With Robotic Rectum, Doctors Practicing Prostate Exams Are No Longer In the Dark

By Elizabeth Preston | July 19, 2016 11:11 am

Roborectum 2.smaller

The rectal exam is a delicate art to learn. Doctors perform this procedure entirely by feel, with just one finger. Students who are learning how to do such an exam have no way of showing their work to their teachers. And volunteer subjects are—unsurprisingly—rare. In the entire United Kingdom there’s only one person registered as a test subject for rectal exams, says Fernando Bello, who works on surgical computing and simulations at Imperial College London.

Rectum models made of plastic exist to help train new doctors. But these are limited in how much they feel like the real thing. That’s why Bello and his colleagues built a robotic rectum.

On the outside, the teaching tool (shown in the photo above getting an exam from Imperial College London’s Alejandro Granados) looks approximately like a disembodied rear end. Inside, squishy robotic elements recreate the feel of a patient’s prostate gland and other anatomy.

The model’s robotic parts both track the examiner’s finger and push back on it in a realistic way, Bellos explains. “The position of the finger is sent to the simulation software,” he says, “which can then detect when the finger collides with anatomical regions and generate adequate reaction forces.”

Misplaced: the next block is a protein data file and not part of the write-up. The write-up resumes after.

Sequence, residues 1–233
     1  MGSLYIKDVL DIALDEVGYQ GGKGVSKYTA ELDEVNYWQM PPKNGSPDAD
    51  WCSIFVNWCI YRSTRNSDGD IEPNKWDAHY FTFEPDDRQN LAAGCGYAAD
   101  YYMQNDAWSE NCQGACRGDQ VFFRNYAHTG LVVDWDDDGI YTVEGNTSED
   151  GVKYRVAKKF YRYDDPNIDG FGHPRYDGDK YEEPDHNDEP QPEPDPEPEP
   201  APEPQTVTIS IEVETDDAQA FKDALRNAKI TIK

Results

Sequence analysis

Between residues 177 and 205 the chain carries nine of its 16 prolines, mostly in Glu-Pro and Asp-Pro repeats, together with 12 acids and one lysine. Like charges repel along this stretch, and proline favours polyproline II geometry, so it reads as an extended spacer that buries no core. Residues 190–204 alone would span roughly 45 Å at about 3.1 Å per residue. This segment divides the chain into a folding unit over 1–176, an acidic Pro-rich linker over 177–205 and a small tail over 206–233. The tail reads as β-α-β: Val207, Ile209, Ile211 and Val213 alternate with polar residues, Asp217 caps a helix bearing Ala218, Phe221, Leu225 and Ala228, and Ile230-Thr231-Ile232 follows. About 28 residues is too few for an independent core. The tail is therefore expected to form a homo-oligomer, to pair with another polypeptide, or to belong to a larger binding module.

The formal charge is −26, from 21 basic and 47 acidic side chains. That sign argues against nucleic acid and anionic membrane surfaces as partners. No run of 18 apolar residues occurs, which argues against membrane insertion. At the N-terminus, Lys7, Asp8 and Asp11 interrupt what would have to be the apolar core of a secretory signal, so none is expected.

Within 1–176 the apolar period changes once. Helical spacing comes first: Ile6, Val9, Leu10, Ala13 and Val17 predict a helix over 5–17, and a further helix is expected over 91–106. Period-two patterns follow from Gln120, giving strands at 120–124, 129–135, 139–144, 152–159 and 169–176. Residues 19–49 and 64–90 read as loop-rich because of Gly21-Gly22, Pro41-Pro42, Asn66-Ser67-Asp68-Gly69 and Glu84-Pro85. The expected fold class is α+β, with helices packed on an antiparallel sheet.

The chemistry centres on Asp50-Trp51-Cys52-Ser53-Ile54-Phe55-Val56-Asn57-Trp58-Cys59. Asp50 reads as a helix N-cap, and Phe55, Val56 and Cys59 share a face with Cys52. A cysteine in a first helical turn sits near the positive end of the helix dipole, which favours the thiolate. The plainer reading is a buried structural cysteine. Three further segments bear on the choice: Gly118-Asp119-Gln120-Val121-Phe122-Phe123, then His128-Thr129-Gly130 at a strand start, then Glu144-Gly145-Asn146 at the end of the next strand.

The device can even be programmed to match different anatomical specifications. When Bello and his colleagues took MRI scans of volunteers, they found a lot of variation in the sizes and shapes of people’s rectums and prostates. Being able to program the robotic rectum means doctors could practice on a range of anatomies that represents human variation better than an unchanging plastic model does.

Meanwhile, a computer screen shows a 3D image of what’s happening inside the robotic patient. Researchers presented the technology at the Eurohaptics conference earlier this month. (“Haptic” technology is the intersection of computer science and the sense of touch.)

Bello says the next frontier in robotic anatomy is the female pelvis.

“We are already working on bimanual vaginal examinations,” he says. The haptic technology is similar, “but of course the virtual anatomy is that of a female patient rather than male.” This model is even more challenging to build than a robotic rectum, Bello says, because a doctor doing a female pelvic exam uses two hands—one inside and one outside the body—to squeeze the uterus or ovaries. So a robotic model has to simulate the interaction between the anatomy and both hands, rather than just one finger.

But the researchers think the effort will pay off. Robotic models could be an added step in training, they suggest, after simpler models but before students practice on an actual person. By the time doctors get to examine patients, maybe the robots will have helped give their technique a more human touch.


Image: Imperial College London

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Inkfish

Like the wily and many-armed cephalopod, Inkfish reaches into the far corners of science news and brings you back surprises (and the occasional sea creature). The ink is virtual but the research is real.

About Elizabeth Preston

Elizabeth Preston is a science writer whose articles have appeared in publications including Slate, Nautilus, and National Geographic. She's also the former editor of the children's science magazine Muse, where she still writes in the voice of a know-it-all bovine. She lives in Massachusetts. Read more and see her other writing here.

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